Even pirates have to play by the rules
Bartholomew Roberts, also known as Black Bart, was a notorious — and very successful — Welsh pirate who raided ships off North America, Central America and South America, as well as along West Africa. He was known to be active between 1719 and 1722.
Here are the “articles” (rules) that were in place aboard Captain Roberts’ pirate ships. They have been taken from Captain Charles Johnson’s book, A General History of the Pyrates, first published in 1724… a mere two years after Black Bart’s death. (It is thought that Charles Johnson was a pseudonym for Robinson Crusoe author Daniel Defoe.)
The articles for Captain Bartholomew Roberts’ ships
I. Every man has a vote in affairs of moment; has equal title to the fresh provisions, or strong liquors, at any time seized, and may use them at pleasure, unless a scarcity makes it necessary, for the good of all, to vote a retrenchment.
II. Every man to be called fairly in turn, by list, on board of prizes because, (over and above their proper share) they were on these occasions allowed a shift of clothes: but if they defrauded the company to the value of a dollar in plate, jewels, or money, marooning was their punishment. If the robbery was only betwixt one another, they contented themselves with slitting the ears and nose of him that was guilty, and set him on shore, not in an uninhabited place, but somewhere, where he was sure to encounter hardships.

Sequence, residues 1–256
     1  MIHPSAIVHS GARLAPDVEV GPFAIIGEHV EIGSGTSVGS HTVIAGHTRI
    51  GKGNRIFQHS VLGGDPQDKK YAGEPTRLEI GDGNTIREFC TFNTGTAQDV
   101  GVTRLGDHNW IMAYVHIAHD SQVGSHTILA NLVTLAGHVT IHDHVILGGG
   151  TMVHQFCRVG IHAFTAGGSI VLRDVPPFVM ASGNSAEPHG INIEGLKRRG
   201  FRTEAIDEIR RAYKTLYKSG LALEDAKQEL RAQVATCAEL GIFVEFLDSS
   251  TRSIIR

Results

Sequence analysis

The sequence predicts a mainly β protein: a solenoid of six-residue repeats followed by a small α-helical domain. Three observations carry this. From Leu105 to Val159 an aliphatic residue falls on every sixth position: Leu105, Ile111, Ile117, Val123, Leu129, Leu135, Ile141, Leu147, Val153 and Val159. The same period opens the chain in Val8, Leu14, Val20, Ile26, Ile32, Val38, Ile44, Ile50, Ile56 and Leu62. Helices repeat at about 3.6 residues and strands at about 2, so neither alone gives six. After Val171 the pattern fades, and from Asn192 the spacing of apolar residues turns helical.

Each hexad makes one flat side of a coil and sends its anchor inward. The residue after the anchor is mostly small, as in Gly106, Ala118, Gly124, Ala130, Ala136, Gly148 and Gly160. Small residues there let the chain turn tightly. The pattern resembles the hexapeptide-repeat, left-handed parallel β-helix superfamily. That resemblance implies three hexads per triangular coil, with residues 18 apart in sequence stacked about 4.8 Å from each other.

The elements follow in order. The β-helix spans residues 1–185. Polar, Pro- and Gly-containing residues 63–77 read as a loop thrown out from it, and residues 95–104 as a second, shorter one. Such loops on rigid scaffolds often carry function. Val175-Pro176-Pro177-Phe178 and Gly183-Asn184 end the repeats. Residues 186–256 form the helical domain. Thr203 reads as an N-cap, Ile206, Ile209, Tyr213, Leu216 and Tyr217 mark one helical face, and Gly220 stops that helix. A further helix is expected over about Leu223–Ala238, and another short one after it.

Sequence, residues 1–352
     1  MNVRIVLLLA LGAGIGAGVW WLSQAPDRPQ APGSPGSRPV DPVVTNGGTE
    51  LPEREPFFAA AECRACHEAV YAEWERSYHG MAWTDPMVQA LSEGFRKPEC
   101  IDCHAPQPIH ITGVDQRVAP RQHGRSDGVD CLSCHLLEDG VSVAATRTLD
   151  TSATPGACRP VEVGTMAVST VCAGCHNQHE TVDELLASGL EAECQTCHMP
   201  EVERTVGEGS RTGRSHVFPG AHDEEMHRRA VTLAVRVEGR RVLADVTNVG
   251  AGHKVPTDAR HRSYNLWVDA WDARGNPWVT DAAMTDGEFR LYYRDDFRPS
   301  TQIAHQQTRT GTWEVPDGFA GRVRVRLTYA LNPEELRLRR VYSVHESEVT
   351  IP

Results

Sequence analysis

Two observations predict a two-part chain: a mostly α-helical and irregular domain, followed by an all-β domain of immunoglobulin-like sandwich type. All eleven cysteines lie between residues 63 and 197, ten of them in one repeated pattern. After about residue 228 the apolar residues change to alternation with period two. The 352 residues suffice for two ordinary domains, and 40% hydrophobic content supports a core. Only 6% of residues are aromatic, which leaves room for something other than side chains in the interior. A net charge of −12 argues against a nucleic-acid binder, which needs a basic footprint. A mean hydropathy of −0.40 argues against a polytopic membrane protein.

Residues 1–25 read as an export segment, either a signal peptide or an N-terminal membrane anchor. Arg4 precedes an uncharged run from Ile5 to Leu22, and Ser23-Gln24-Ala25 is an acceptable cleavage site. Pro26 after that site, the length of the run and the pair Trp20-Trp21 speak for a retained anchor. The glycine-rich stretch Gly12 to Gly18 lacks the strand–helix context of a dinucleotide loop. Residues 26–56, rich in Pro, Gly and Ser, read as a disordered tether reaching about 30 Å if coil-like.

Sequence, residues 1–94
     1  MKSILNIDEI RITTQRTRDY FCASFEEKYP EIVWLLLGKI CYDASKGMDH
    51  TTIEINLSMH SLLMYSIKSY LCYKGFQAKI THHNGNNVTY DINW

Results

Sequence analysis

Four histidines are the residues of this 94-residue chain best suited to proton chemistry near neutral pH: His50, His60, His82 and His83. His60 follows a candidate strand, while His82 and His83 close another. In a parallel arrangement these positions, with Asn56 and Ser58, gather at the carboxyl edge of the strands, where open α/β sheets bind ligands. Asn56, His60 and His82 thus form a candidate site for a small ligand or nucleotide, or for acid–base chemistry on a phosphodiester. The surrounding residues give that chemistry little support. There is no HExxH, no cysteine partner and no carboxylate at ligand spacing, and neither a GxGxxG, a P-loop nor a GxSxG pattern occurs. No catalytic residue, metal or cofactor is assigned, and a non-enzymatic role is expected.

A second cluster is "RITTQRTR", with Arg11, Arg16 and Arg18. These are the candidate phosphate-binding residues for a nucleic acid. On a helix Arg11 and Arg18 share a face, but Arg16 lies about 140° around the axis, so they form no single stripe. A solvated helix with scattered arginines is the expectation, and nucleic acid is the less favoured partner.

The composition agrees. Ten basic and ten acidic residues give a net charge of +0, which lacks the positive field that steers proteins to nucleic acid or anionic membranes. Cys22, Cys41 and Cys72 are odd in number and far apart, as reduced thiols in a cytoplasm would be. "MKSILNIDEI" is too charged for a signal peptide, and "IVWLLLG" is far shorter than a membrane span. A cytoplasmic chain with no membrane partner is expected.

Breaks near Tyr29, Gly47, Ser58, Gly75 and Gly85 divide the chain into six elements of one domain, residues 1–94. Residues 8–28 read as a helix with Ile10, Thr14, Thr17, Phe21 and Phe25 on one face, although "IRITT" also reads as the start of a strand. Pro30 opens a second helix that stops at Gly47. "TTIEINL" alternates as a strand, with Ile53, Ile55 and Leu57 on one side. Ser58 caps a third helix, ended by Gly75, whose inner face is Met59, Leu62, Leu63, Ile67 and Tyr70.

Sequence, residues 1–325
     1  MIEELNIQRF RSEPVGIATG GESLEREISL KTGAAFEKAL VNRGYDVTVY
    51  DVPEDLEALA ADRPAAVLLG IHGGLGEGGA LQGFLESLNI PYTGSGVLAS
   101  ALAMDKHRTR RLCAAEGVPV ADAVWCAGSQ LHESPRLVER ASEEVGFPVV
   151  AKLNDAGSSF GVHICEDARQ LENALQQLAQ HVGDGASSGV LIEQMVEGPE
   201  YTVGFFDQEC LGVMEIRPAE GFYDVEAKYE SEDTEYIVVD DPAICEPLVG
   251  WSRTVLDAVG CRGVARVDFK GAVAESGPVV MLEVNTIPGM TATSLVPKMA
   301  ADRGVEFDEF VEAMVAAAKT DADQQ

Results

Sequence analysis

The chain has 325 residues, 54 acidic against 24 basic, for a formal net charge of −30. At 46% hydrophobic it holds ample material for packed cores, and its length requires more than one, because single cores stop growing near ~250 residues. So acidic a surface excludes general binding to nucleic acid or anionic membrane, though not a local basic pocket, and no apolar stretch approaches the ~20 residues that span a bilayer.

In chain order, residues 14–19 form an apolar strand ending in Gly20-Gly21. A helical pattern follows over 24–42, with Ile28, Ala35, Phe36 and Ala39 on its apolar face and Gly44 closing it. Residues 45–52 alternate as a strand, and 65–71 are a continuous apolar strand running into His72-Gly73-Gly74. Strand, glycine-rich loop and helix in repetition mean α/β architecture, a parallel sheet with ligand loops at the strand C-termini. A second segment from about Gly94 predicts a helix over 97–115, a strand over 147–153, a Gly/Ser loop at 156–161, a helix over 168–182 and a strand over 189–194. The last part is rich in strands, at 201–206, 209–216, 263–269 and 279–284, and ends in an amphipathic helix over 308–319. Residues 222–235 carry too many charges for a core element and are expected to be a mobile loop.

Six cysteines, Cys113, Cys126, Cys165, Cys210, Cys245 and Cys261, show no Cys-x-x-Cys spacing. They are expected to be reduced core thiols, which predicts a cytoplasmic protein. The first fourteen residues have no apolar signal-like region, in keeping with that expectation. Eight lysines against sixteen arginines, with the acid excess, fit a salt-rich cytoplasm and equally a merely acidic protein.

III. No person to game at cards or dice for money.
IV. The lights and candles to be put out at eight o’clock at night: if any of the crew, after that hour still remained inclined for drinking, they were to do it on the open deck.
V. To keep their piece, pistols, and cutlass clean and fit for service.
VI. No boy or woman to be allowed amongst them. If any man were to be found seducing any of the latter sex, and carried her to sea, disguised, he was to suffer death.
VII. To desert the ship or their quarters in battle, was punished with death or marooning.
VIII. No striking one another on board, but every man’s quarrels to be ended on shore, at sword and pistol.
IX. No man to talk of breaking up their way of living, till each had shared one thousand pounds. If in order to this, any man should lose a limb, or become a cripple in their service, he was to have eight hundred dollars, out of the public stock, and for lesser hurts, proportionately.
X. The Captain and Quartermaster to receive two shares of a prize: the master, boatswain, and gunner, one share and a half, and other officers one and quarter.
XI. The musicians to have rest on the Sabbath Day, but the other six days and nights, none without special favor.
A General History of the Pyrates, by Capt. Charles Johnson
From Their First Rise and Settlement in the Island of Providence, to the Present Time. With the remarkable Actions and Adventures of two Female Pyrates Mary Read and Anne Bonny